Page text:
Ever wonder what your cat or dog sees?

Ophthalmology Services

Although it is difficult to know for sure, there are actually many clues that can help us piece together how dogs and cats view the world.  The most significant difference in our eyes compared to our pets is in the structure of the retina. The retina is a layer of tissue at the back of the eye that is responsible for transforming light entering the eye into electric signals that are then sent to the brain for vision processing.

The cells that make up the retina have been carefully examined and results have given us some interesting insight into the lives of our furry friends.  For example, the human retina is structured to pick up a rainbow of colors and allows us to appreciate intricate detail. Dog and cat retinas are structured more for detecting the slightest movement and operating in low light conditions.  These differences are a reflection of the way our ancestors hunted and survived in the wild.

Color vision:

Dogs do have some degree of color vision.  However, they do not experience the wide range of colors appreciated by humans, other primates and birds.  Based on the composition of their retinal cells, it is thought that dogs most likely see ‘colors’ with a palette made up of different shades of blue and yellow.  Objects that we would view as red or green are seen as varying shades of gray.  Cats also have the capacity for limited color vision.  Based on the cells in their retinas, cat color vision may actually be a bit better compared to dogs.  Despite this lack of a complete color palette, pets are able to detect subtle difference in shades of gray that would be indistinguishable to their owners.  They also rely on their highly developed senses of hearing and smell to navigate and differentiate between objects.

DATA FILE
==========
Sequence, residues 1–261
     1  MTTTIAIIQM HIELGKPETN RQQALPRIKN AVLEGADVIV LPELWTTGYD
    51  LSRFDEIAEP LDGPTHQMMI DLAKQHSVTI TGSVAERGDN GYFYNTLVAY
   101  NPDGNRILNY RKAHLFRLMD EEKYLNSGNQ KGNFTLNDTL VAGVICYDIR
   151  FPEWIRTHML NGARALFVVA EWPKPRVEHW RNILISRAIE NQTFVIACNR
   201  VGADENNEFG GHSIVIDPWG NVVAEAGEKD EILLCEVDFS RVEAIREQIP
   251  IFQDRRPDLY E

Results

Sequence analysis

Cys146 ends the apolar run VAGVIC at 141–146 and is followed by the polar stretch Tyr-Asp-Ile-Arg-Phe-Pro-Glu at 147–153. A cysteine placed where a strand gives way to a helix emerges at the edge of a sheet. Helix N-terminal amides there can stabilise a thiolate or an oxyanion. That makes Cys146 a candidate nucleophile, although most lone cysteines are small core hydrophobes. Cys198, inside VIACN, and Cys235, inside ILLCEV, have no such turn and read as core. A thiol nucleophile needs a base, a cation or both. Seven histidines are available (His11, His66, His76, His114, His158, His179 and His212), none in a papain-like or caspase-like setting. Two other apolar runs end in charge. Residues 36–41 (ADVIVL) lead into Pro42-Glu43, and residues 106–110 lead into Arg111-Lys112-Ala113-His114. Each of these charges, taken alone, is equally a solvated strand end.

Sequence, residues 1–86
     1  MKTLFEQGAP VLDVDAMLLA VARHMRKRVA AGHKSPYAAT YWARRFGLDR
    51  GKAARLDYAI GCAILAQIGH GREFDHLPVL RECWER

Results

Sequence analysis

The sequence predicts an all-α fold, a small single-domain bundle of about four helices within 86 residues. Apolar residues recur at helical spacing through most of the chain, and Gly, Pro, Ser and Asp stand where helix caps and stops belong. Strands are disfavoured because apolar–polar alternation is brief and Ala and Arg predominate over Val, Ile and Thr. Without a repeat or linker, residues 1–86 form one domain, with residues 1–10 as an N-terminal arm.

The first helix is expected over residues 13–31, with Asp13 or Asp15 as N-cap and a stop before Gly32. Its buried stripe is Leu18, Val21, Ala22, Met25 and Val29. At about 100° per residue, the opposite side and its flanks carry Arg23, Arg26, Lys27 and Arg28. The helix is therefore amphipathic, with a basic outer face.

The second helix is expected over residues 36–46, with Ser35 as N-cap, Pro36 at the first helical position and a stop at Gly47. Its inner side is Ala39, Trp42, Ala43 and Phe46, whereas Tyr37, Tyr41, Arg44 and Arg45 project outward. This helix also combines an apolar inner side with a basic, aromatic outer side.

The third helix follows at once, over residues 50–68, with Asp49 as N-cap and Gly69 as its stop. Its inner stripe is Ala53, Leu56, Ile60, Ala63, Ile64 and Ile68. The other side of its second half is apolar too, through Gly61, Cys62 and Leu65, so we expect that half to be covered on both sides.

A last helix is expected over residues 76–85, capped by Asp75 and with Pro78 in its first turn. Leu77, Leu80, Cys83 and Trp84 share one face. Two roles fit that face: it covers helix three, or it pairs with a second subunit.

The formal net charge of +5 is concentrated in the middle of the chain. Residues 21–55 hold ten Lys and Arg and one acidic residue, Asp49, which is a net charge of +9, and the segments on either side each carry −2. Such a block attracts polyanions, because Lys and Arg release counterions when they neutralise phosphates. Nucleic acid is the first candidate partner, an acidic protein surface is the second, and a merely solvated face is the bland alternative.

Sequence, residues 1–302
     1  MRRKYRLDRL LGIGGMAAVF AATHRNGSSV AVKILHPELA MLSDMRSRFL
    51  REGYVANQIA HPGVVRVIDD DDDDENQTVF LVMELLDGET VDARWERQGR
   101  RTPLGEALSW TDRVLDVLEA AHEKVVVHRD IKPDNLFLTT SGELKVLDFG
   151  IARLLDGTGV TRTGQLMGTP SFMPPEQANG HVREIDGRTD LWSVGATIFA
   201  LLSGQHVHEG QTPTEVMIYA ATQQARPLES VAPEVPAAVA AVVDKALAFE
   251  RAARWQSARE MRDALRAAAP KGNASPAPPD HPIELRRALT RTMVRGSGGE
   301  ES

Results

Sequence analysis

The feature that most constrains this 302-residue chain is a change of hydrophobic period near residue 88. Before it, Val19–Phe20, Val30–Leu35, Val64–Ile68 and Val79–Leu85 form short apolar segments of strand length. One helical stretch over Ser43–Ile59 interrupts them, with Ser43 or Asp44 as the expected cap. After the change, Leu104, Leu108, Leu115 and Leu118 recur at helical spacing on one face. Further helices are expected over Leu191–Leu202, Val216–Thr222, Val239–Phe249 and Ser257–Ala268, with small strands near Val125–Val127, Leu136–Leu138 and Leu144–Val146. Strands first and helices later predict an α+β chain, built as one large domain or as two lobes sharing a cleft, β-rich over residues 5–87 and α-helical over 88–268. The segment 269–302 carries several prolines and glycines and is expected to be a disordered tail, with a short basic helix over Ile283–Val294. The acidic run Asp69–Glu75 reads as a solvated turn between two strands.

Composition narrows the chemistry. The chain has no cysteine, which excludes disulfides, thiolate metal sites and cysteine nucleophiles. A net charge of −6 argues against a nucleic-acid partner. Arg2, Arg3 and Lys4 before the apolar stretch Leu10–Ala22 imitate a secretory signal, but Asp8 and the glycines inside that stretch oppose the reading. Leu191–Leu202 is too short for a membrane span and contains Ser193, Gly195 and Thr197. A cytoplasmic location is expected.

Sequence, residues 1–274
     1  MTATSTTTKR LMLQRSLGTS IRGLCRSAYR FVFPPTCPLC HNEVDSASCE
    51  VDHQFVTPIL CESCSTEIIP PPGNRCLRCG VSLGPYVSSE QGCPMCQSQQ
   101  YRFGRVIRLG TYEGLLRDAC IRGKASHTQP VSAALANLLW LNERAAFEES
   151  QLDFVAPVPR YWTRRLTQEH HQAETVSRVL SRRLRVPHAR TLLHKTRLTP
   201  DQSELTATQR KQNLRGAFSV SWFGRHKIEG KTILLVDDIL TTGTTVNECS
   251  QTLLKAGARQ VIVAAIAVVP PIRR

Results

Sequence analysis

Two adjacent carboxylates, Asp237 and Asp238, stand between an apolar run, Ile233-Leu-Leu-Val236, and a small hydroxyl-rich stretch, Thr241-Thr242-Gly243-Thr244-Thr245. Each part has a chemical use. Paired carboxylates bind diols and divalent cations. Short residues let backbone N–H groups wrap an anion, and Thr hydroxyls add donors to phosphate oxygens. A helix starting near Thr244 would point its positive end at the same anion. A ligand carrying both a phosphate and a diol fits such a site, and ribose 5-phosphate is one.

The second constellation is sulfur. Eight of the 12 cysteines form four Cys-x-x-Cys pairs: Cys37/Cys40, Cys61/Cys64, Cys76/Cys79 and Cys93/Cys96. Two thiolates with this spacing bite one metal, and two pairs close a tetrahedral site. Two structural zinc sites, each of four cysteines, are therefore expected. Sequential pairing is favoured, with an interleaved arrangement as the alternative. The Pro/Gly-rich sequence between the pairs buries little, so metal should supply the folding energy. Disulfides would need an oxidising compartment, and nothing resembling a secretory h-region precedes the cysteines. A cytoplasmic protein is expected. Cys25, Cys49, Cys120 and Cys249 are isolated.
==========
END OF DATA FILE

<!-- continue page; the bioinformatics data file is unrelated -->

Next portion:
Night vision:

Enhanced night vision is due to special adaptive features of our pets’ eyes.  One of these is a structure called the tapetum lucidum.  This is a layer of reflective tissue at the back of the eye that results in the ‘eye shine’ you may have observed in a photograph or in the beam of a flashlight at night.  The tapetum causes light to be reflected internally within the eye, allowing more efficient use of small amounts of light.  Also, synapses in their retinas are arranged so that very little light is required to form an image.  However, there is a trade-off.  These same features that allow for better night vision result in worsened visual acuity, producing a more ‘grainy’ image with poorer detail compared to humans.

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